Journalism incentive: Instead of pay, we'll let you keep flexible hours and work from home

By David Poulson
Writing is hard and requires skill and practice to do well.
Any journalist, especially those working in science-related fields, knows that. Which is why offers like this one drive me a bit nuts:

Dear Mr. Poulson,
I am contacting you as the Media & Communications Manager of LIFE MAG ( – a high-quality online magazine providing up to date news and analysis in the field of healthy life extension. We are currently offering science/medicine/journalism students the opportunity to undertake remote internships with us, and thought that your students may be interested.
We would be very grateful if you could forward this email onto the student body, or print out the PDF provided for a student noticeboard etc. All the information about the magazine and how to get in touch is provided below.

Here’s the pitch this publication wants me to send my students:

LIFE MAG is a high-quality online magazine providing up to date news and analysis in the field of life extension. Our focus is on emerging technologies, treatments and lifestyle choices designed to prolong healthy lifespan.
We are currently offering remote internships to students looking to gain experience in science/medical journalism. Essentially the opportunity to work for a rapidly developing magazine with a wide international audience, without having to physically relocate to our Berlin office
Having been students ourselves, we know that university can be demanding. That’s why we don’t ask for a 9-5 commitment. Instead, our only expectation is that interns submit 2 high-quality 1000-1500 word articles per week. This can be achieved in any way that suits you – allowing you to work flexibly, and in line with any other academic or work commitments you may have.
Towards this we don’t employ the same submit-accept/reject editorial policy of most other magazines. Instead our team of editors work with you every step of the way to ensure that your work gets published.
But we won’t hassle you. Everyone likes to work differently, so if you prefer to just get on with writing and communicate by email that’s fine. If you want more guidance and face-to-face interaction via FaceTime or Skype that’s also fine. We are always available whenever and in any way you may need us.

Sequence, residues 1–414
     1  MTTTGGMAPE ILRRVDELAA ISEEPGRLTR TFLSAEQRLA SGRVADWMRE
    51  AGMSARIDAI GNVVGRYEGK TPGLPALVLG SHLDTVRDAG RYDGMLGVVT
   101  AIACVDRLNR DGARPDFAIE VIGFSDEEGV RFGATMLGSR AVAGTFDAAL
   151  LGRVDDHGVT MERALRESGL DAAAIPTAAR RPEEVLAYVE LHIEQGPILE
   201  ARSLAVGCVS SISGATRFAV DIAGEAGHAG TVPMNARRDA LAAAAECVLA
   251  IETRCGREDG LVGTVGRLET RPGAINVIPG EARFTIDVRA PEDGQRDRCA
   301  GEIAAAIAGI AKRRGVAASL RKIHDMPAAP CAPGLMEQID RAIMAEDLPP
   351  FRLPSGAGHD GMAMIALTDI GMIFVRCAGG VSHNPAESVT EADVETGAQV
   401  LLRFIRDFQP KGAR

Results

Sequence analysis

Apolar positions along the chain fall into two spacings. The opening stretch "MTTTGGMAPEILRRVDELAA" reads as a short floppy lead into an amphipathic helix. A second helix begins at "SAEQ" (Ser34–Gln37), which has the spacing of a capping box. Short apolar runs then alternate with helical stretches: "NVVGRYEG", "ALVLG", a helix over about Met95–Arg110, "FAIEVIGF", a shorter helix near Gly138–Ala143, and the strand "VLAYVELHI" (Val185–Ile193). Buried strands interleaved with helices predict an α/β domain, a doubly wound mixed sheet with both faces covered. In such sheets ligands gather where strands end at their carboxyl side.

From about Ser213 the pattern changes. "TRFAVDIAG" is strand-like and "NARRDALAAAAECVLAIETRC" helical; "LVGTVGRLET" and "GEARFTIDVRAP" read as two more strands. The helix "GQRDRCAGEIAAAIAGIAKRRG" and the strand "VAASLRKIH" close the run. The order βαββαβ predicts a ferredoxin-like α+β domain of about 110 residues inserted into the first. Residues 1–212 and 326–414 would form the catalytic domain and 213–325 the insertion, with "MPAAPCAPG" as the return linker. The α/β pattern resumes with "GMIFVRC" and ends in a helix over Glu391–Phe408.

What’s most important to us that we get great content online, whilst also providing you with the exact experience you need. All of our interns so far have had numerous articles published and promoted worldwide via a range of media channels. This ensures that your work gets noticed by literally thousands of readers. In being featured on our website, your profile and contact details are also made available to any other potential employers who may wish to enlist your talents for other freelance work or full-time employment.
LIFE MAG is a high-quality online magazine providing up to date news and analysis in the field of life extension. Our focus is on emerging technologies, treatments and lifestyle choices designed to prolong healthy lifespan.

Whenever I get an offer to exploit my students like this, I hit reply and write,
“Sounds good. What is your pay rate?”
Inevitably the answer is something like what I got this time:

Dear Mr. Poulson,
The magazine is in relatively early pages of development and, unfortunately, we are not currently in a position to offer paid internships. However, for aspiring journalists, publication in LIFEMAG allows work to be seen by the wide international audience. Also, it’s a great opportunity for those who want to get experience in going through editorial process.
Thank you for spreading the word.

Beyond the whole “no pay” thing, what drives me nuts about this offer is the supposed incentive: The hours are flexible and you can work from home. You don’t even have to travel to Berlin – as if living abroad is somehow an ugly proposition for an American student. Also, you get an international audience.
I don’t think this publisher understands that almost everyone has access to the Internet.
My reply:

That’s helpful to know.
Unfortunately there is no incentive in a remote work station and a flexible schedule to weekly produce two high quality articles of 1,000 to 1,500 words. They have that now. In fact, they can produce dozens of articles a week from anywhere in the world and not be paid for them now.
We agree that learning about the editorial process is important. We teach our students that an important part of it is to be fairly compensated for producing work of value.

That answer let me blow off some frustrated steam. But is it the right one?  I fully recognize I’m tilting at windmills here. And did I just deprive my students of an opportunity to perhaps gain some top quality mentoring and exposure?
Maybe what irks me with this one is the sense of launching a new publication partly on the backs of students who certainly won’t have an equity stake in its success.
Like other journalism schools, we have talented students capable of producing professional work. And we have many more capable of doing so under careful guidance. There is no question that many internships provide valuable experience to students. Our school thinks so. We require them.
Are they so valuable that they should not be compensated? Well, that’s the reality. And I get that whole “building the brand” thing. And you can’t beat professional guidance when it is true mentorship. There is certainly value there.
Yet I struggle with that line between opportunity and exploitation.
Nowadays that’s hardly confined to students nor to struggling new publishing ventures. Check out this recent piece on Wil Wheaton’s gripe with the Huffington Post.
David Poulson is the senior associate director of the Knight Center for Envrionmental Journalism